Cognitive “clutter” is real, but there are simple ways to help
keep your brain space neat and tidy.
Especially as we age, a “cluttered” brain can lead to unnecessary
cognitive decline. For some people, a busy memory scape can increase creativity.
But for most, all that brain noise comes at a cost and can propagate forgetfulness
and other cognitive disorders the older we get. The good news is there
is plenty you can do right now to clear the cobwebs from your brain and
make it the tidy, organized, and healthy space you want it to be.
Multiple new neuroscience research studies indicate that staying physically
active is one of the most significant ways to reduce the risk of memory
disorders and cognitive decline, especially as we get older. But no matter
how old you are, the effort can start now and have real-time and sometimes
immediate benefits. So, what type of exercise is best, and how much of
it should you engage in for substantial brain benefits? Some experts say
there is a “just right” amount of cardiovascular exercise
that can aid people in decluttering information from the brain while also
helping to crystalize factual details. When that just-right exercise level
dips too far below the threshold, the mind can wander aimlessly.
Conversely, a too-high cardiovascular activity threshold can force the
brain to stay singularly focused on the strenuous activity at hand. Maintaining
a just-right activity threshold can vary from person to person. For example,
a suitable cardiovascular activity for some might be jogging – with
walking a below-ideal level of exercise and sprinting a too-high activity
level. At least 30 minutes of heart-pumping cardiovascular exercise most
days a week is an excellent goal to work towards.
Try a “Brain Dump”
Essentially, the term “brain dump” can be synonymous with journaling.
It involves the act of getting thoughts, ideas, worries, and questions
swirling around in your brain at any given moment, out of your brain,
and onto paper. This technique is often used to help people manage stress
and anxiety, but even if you don’t feel particularly plagued by
those issues, it can be a helpful brain decluttering technique to try.
For most people, “brain dumping” is accomplished right before
falling asleep or immediately upon waking for the day. Consider keeping
a journal, index card, or even a sticky note, and a pen or pencil next
to your bed. Use these items to write down whatever your brain wants to
get out. There are no rules to this technique and no “right way”
to do it. The simple act of regularly channeling your thoughts through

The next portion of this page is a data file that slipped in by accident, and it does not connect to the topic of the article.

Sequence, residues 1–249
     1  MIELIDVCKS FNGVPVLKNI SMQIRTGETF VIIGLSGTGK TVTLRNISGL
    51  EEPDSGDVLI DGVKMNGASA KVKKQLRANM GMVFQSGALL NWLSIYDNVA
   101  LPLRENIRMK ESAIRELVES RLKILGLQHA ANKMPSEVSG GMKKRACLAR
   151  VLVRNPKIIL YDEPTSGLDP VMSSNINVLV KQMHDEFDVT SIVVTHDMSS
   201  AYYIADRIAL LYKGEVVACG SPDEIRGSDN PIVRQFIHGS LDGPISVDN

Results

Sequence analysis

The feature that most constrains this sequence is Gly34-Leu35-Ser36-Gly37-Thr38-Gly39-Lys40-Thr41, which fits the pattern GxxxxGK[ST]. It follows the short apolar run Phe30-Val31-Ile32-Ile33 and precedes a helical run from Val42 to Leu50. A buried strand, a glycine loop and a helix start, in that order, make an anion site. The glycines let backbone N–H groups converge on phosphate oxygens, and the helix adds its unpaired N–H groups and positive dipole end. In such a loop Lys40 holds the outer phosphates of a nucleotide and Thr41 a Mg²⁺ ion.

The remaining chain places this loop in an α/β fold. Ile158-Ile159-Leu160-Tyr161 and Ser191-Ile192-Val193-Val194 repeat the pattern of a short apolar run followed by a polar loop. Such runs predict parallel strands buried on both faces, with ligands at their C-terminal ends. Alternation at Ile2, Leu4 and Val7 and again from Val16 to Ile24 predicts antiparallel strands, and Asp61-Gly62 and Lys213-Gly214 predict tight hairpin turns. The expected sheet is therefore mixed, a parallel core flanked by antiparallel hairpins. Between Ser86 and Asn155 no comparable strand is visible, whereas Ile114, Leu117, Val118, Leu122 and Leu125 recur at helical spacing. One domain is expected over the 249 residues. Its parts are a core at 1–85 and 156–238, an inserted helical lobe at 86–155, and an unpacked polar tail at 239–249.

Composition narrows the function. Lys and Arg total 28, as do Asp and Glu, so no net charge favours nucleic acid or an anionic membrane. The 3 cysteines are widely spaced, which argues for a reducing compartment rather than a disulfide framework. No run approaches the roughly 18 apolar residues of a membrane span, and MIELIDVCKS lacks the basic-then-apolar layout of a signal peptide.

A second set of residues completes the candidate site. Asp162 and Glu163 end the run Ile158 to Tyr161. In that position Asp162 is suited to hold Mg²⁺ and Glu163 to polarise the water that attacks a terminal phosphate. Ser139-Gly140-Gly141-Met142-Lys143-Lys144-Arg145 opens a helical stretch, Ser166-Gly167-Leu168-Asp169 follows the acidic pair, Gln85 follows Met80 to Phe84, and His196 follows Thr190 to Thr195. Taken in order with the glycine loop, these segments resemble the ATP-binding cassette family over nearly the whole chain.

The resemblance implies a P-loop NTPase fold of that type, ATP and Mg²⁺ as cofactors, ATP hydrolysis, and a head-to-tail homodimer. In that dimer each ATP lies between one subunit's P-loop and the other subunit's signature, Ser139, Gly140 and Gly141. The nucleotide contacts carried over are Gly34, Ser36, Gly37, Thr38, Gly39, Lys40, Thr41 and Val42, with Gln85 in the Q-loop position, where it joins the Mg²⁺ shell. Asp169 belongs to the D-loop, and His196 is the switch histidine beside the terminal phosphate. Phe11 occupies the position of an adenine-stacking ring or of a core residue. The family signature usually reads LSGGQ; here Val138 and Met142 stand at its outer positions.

your hand and out onto paper can be especially beneficial in keeping your
brain space tidy on a daily basis.
Though we all do it to an extent, procrastination, or delaying decisions,
is an ineffective activity that keeps the brain filled with too long a
to-do list. Pending decisions can create brain noise that often leads
to overwhelming thoughts, stress, and anxiety. When you engage in the
brain dump technique described above, consider writing down the decisions
you would like to make or tasks you would like to complete for that day
or the next. Crossing decisions off a to-do list feels good and allows
the brain more capacity for creativity, deeper thinking, and room to grow.
I’ve written extensively on
sleep as a critical element to achieving optimal brain health. Additionally
crucial is allowing your brain time to calm down and recharge throughout
the day. That’s where mindfulness meditation comes in. The activity
of meditation is not some new-age deal that only yogis engage in. Research
has repeatedly shown it is an easy-to-implement (if not to accomplish)
practice that enhances brain health, focus, and performance in incredible
ways. Don’t know how to get started with meditation? To begin, try
dedicating just one full minute of your time in a quiet place free from
ALL distractions, and focus on breathing deeply and calming the mind.
When intrusive thoughts try to break in, gently push them out with deep,
calming breaths. As your meditative practice begins to strengthen, extend
the time of your meditation sessions. This is not a worthless activity,
it will become something you look forward to as a way to center your brain
and your day.
Declutter Your Physical World
You may not realize it, but a cluttered home or workspace influences your
brain’s productivity and overall health. If you find yourself surrounded
by piles of stuff and struggling to concentrate or efficiently complete
tasks, it’s time to evaluate your space and clean it up. Not everyone
enjoys the act of tidying up, but most people love the outcome of a neat,
clean, and organized space. This spring, make it a priority to tidy the
environments you spend most of your time in. Your brain will thank you for it.
As the calendar pages turn to the warmer months and longer days ahead,
use these springtime gifts to your brain’s benefit. Creating solid
decluttering habits for your brain health today can have lasting positive
effects tomorrow and across your entire lifespan.